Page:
As indicated above, the ankle support bandage of the present invention makes it possible for an ankle to be supported by applying a support bandage thereto which, when applied, is provided with uniform tension across the width of the support tape, and with uniform support forces thereby being applied.
Turning now to FIG. 5 of the drawings, the modified embodiment illustrates two features different from those illustrated in the embodiment FIGS. 1-4 inclusive. Specifically, the bandaging device 20 includes a pair of angularly disposed legs 21 and 22, which are joined at an apex zone defined by a radius or arcuate segment. It has been found that the utilization of the arcuate configuration at the apex reduces the tendency toward ripping, and may, of course, be applied to the embodiment of FIGS. 1-4 as well. The outer apex zone is also noted, with the radius of arc being generally equal between the inner and outer apices.
In its utilization, the embodiment of FIGS. 5 and 6, with the legs 21 and 22 joining at an acute angle, provide a means for applying the device which may include some advantages in utilization. In the embodiment of FIGS. 5 and 6, it is possible to utilize the device in the same fashion as the device of FIGS. 1-4, but including support at a zone in the arch which is somewhat different from that of the right-angled device of FIGS. 1-4. Some flexibility in application is accordingly possible.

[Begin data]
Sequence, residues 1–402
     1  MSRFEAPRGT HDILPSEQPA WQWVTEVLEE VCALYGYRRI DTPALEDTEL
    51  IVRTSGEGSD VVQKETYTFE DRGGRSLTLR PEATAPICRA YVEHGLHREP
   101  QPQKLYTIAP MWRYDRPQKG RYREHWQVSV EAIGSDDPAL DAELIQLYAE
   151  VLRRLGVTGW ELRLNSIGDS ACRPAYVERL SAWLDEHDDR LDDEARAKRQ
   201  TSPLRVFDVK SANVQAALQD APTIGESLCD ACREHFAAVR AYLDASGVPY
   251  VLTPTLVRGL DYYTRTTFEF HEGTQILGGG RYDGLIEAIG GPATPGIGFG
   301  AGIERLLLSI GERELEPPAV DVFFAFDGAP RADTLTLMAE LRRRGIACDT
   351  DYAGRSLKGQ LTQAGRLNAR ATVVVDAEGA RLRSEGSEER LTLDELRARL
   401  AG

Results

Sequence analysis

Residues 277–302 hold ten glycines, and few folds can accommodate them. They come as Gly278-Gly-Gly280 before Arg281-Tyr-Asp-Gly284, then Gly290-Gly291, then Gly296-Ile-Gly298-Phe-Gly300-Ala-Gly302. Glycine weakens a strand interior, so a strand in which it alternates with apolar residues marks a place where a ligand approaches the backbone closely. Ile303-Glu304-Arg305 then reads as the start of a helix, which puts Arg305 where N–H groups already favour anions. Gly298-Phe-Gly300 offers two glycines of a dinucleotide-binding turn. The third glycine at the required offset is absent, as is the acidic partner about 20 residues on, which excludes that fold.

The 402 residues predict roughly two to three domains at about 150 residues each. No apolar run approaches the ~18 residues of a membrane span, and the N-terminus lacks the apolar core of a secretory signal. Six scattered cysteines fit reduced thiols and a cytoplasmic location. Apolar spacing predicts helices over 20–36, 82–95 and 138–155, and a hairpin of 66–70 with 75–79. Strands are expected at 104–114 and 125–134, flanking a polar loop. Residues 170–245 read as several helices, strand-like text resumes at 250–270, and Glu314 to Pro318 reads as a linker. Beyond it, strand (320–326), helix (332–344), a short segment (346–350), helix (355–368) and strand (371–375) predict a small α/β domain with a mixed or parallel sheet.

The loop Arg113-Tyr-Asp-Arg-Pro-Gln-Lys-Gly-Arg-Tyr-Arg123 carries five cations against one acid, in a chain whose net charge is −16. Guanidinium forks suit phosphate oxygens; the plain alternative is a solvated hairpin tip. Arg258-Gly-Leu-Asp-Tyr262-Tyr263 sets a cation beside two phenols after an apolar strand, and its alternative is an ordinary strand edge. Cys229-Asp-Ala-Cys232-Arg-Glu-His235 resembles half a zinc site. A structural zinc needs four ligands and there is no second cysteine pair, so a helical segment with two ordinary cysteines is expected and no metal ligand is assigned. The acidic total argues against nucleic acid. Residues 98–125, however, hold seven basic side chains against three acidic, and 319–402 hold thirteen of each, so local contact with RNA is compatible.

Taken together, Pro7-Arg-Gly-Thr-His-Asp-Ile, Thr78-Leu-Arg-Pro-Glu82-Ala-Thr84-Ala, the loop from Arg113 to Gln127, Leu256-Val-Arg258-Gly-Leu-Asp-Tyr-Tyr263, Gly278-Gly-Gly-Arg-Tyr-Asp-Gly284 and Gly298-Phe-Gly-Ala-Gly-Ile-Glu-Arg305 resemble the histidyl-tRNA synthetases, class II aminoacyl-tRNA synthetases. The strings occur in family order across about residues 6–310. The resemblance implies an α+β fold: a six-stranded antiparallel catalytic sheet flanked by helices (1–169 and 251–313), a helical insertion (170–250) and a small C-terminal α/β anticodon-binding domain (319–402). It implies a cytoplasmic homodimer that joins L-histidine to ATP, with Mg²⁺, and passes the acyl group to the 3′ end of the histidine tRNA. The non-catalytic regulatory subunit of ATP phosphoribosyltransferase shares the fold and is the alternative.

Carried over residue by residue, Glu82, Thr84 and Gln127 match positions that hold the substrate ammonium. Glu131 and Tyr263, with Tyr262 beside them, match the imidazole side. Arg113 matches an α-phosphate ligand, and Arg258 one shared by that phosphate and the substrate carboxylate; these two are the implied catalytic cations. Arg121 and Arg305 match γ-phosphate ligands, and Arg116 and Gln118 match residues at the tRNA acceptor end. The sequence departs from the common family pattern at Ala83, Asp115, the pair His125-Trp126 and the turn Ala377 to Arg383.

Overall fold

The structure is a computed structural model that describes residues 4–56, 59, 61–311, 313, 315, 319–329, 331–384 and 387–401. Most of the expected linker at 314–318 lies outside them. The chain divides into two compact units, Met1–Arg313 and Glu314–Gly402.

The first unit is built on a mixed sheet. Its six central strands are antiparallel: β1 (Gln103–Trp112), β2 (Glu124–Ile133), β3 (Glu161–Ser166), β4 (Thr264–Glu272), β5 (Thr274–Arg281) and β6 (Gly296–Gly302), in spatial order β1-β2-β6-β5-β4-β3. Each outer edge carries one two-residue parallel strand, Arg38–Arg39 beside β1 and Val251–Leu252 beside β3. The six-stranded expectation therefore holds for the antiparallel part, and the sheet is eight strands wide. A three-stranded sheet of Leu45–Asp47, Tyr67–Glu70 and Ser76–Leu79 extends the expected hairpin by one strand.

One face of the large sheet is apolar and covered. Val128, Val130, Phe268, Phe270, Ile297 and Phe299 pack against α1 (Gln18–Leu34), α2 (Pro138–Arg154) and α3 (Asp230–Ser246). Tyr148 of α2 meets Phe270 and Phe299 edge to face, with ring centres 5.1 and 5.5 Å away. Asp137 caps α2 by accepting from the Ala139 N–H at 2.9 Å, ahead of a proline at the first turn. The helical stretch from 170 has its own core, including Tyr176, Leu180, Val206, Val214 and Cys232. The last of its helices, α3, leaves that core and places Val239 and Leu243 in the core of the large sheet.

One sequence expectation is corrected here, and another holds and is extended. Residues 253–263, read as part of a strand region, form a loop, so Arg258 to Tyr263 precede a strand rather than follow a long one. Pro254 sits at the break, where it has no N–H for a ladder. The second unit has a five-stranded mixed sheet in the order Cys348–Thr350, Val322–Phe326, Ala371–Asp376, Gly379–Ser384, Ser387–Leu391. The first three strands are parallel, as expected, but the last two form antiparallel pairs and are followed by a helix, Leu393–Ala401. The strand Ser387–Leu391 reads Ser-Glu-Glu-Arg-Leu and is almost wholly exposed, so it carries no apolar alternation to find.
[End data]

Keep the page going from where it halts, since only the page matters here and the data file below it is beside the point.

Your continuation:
Furthermore, the device of FIGS. 5 and 6 may find application in support of joints other than ankle joints, including knee joints. In support the knee joints, two devices of the type shown in FIGS. 5 and 6 may be utilized in criss-cross form, thereby supporting the knee joint in a fashion reducing the tendency toward lateral flexure.
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|Feb 22, 1988||AS||Assignment|
Owner name: PREVENT PRODUCTS, INC., SUITE E-502 MEADOWBROOK ME
Free format text: ASSIGNMENT OF ASSIGNORS INTEREST.;ASSIGNOR:GARCIA, MARIO C.;REEL/FRAME:004877/0239
Effective date: 19880208
Owner name: PREVENT PRODUCTS, INC., A CORP. OF MN, MINNESOTA
Free format text: ASSIGNMENT OF ASSIGNORS INTEREST;ASSIGNOR:GARCIA, MARIO C.;REEL/FRAME:004877/0239
Effective date: 19880208
|May 25, 1993||REMI||Maintenance fee reminder mailed|
|Oct 13, 1993||SULP||Surcharge for late payment|
|Oct 13, 1993||FPAY||Fee payment|
Year of fee payment: 4
|Jun 3, 1997||REMI||Maintenance fee reminder mailed|
|Oct 26, 1997||LAPS||Lapse for failure to pay maintenance fees|
|Jan 6, 1998||FP||Expired due to failure to pay maintenance fee|
Effective date: 19971029